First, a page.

arbitrary state power

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Starting second paper, about 3 days behind, but just had to post this: I’m writing about Canadian security certificates and was reading a report by the Canadian Council on American-Islamic Relations (CAIR-CAN) about Canadian security officials (read: CSIS) targeting Arab Muslims for “interrogation”.

Talk about questionable tactics: blocking doorways, threats, visits at work (one guy got fired shortly afterwards), giving false identification as to who they were, interrogating a minor. One person was asked to become an informant, and when he refused, the official abruptly ended the interview and proceeded to recite the names of the person’s children and several other pieces of personal information.

The security certificate provisions in the Immigration and Refugee Protection Act are undergoing a constitutional challenge which will finally be heard by the Supreme Court in June. This is the first time I really care about the Supreme Court doing it right, and I’m actually worried about the outcome: these provisions are so blatantly against several fundamental rights in the Charter, and yet have passed through the federal courts as constitutional. Reading the judgments in the Charkaoui case are so so so disturbing, they are unlike any other constitutional cases (they don’t even mention so much as a section 7 analysis for #$%$-sake), the reasoning just doesn’t make sense.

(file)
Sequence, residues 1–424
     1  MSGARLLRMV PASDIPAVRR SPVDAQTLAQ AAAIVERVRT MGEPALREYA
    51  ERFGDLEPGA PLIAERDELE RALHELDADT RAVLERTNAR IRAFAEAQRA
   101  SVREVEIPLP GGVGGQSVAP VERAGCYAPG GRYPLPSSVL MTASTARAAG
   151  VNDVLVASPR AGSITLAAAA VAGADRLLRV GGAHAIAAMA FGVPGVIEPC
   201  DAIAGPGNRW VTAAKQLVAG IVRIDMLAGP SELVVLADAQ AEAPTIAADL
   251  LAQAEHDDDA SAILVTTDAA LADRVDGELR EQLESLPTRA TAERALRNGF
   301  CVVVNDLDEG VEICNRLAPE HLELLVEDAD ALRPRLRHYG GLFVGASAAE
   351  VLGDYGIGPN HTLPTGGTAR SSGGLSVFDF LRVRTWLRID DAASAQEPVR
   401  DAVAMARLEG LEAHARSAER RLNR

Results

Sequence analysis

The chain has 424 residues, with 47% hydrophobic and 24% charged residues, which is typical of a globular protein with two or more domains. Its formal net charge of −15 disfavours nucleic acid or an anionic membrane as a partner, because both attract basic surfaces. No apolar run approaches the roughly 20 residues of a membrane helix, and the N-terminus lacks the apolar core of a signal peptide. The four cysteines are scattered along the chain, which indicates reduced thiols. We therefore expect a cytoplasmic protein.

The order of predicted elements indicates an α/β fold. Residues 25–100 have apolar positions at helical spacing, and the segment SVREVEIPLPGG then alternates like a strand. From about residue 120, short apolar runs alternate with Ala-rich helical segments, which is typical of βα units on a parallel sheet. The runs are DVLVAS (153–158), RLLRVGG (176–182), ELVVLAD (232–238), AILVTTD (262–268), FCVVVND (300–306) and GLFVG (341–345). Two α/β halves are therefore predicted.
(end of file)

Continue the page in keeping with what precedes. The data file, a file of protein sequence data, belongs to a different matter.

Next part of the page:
I really hope it’s simply an unhappy coincidence that federal court judgments are incomprehensible, and not indicative of an endemic belief that someone can be put into detention without charge and without knowledge of the evidence against him, on the grounds of “national security”. We cannot simply trust that the government is always right since no one is infallible (especially CSIS), and when evidence is not open there is not even the opportunity to check this arbitrary power.

More later. For now, the report can be found here.